“Hey, stop that.” Lyric takes my hand. I’ve been pressing my fingers against my collarbone again, leaving red marks where my pendant once sat.

“Why blame me? When did they ever help?” I glare, near tears, at the scholar.

“It’s all right, Plum. You were just a kid. It wasn’t your fault.”

That’s the free space of burnout bingo.

• • • •

Something loud crashes into my hazy sleep. I claw out of my tangle of blankets and peer at the hydra that has broken my roof, then reach for my wishing star.

“That’s not going to work, babes,” Lyric says.

The haze clears. My star pendant shattered long ago. The hydra’s heads are everywhere, drooling molten gold and snapping at Lyric, who is fending them off with my laptop. Pinned beneath the beast’s coils is a magical girl. Her hair is blue, but the roots at her scalp are as dark brown as mine.

“Hey, kid,” I mumble. “What’s wrong with your hair?”

“Plum, focus.” Lyric bats away another fang.

“What’s wrong with yours?” the girl croaks out. Streaks of blood and ichor coat her split lips like gloss.

“Same thing.” I step forward, dodging blows, and wedge my hands between the hydra and the girl. She glares at me until I find a switch and flip it, firing her jetpack into the soft meat of the hydra’s belly. She snatches up her sword when the beast jerks back. She’s winded, though, and her crushed arm is a wreck of gore. As Lyric and I fend off the hydra, the girl weakens further. No magic means no healing.

Unlike the middle schooler bleeding out in my living room, I’ve read the myth of the hydra. I run for my lighter and some purple hairspray. Behind me, I hear Lyric’s voice, as soft and sweet as it was when it held magic.

“Give me your sword,” she says to the girl. “You can rest now.”

The spark wheel rolls easily under my thumb, sending up a shower of golden light that comes close to the magic I remember. Then I press the hairspray trigger and send a cone of flame toward the raw stump of the hydra’s nearest neck. The wound cauterizes with a smell like gasoline and roadkill. No new heads grow.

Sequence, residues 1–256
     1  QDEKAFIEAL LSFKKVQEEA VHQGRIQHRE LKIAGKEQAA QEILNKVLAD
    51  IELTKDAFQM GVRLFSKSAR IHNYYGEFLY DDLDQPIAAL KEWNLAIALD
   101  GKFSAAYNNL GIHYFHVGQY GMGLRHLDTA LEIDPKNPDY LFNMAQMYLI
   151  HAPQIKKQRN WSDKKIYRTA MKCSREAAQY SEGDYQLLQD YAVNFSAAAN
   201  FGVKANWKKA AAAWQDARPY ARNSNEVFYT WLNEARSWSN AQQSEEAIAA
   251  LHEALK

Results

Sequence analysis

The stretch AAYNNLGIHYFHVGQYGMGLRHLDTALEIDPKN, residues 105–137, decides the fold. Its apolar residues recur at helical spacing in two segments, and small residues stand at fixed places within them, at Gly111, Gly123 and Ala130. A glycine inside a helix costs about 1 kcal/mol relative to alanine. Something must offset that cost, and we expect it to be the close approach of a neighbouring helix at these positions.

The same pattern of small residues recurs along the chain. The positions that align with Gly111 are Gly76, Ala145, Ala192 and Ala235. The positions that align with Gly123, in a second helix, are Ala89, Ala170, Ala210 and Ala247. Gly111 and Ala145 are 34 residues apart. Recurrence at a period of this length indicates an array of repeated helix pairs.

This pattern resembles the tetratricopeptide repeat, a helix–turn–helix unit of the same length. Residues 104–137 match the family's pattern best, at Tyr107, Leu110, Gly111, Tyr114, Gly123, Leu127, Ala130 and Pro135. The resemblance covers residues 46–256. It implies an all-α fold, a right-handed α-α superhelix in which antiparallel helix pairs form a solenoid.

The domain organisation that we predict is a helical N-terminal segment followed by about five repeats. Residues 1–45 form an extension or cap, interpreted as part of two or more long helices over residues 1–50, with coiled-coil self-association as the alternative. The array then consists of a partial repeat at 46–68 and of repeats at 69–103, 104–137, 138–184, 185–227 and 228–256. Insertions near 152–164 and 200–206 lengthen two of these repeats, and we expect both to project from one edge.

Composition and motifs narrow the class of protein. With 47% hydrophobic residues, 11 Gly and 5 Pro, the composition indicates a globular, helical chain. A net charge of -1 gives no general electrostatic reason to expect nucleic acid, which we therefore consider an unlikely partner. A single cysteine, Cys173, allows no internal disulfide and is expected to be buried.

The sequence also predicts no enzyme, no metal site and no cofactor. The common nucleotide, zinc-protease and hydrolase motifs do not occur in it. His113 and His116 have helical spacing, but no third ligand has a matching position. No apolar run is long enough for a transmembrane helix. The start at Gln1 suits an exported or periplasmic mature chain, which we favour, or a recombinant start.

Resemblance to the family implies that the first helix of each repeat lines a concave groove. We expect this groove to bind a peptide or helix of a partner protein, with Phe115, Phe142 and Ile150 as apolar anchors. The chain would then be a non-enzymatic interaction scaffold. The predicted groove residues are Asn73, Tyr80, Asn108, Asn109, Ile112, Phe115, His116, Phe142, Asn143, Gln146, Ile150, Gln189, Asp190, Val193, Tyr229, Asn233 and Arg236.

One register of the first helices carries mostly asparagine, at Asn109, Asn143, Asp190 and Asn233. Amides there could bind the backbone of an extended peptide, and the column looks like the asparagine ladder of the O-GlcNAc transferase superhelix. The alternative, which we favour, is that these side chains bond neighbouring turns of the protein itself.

Lyric hacks through another hydra neck with several messy chops and leaves it for me, already moving on to wrestle with the next head. She’s brutal, not efficient. I follow in her wake with fire.

We slash and burn, over and over again, doing damage no renter’s insurance will cover. The girl slumps in a corner, making calls on her phone. She has the same plastic charms I do.

The fight feels different than it did when I was young. I’m stronger now, and taller, with tricks to make up for the magic I’ve lost. I still don’t know what I’m doing, but at least I have a better idea. I feel alive again.

“Hold on, kid.” There are so many heads. My arms start to ache. Eventually, the glory fades, leaving only the fight.

By the time the hydra is dead, so is the girl. She’s not going to get my second chance.

• • • •

Lyric stands aside as I cross the room and take the dead girl’s phone. Instead of a parent, I’m greeted by the voice of another teenager.

“Aqua?” she asks, hesitant. “Is that you?”

“No.” I feel like I’m falling again. “But I’m with her. My name’s Plum.”

“Plum? No way! You’re my hero!”

“Aqua should be your hero, not me.” All I’ve done for a decade is mourn my own past while a new generation picked up the pieces of the world.

“She’s dead, isn’t she.” The teenager’s excitement has gone out like a snuffed candle.

“I’m sorry.”

“She knew the risks.” Familiar chimes ring out behind her hollow voice as she begins to transform, to take up the fight.

“Wait, let me give you my number. If you need to talk, or need some backup, call me anytime.” It’s time for me to grow up. I bite my lip, reaching back ten years for the words I never dared to wish for. “You don’t have to do this alone anymore.”

Lauren Ring

Lauren Ring (photo by Rowan Hurt). A young white woman with curly pink hair, facing to the side and reaching toward a rosebush.

Lauren Ring (she/her) is a perpetually tired Jewish lesbian who writes about possible futures, for better or for worse. She is a Nebula Award finalist, and her short fiction can be found in venues such as F&SF, Nature, and The Deadlands. When she isn’t writing speculative fiction, she is most likely working on a digital painting or attending to the many needs of her cat, Moomin. You can keep up with her at or on Twitter @ringwrites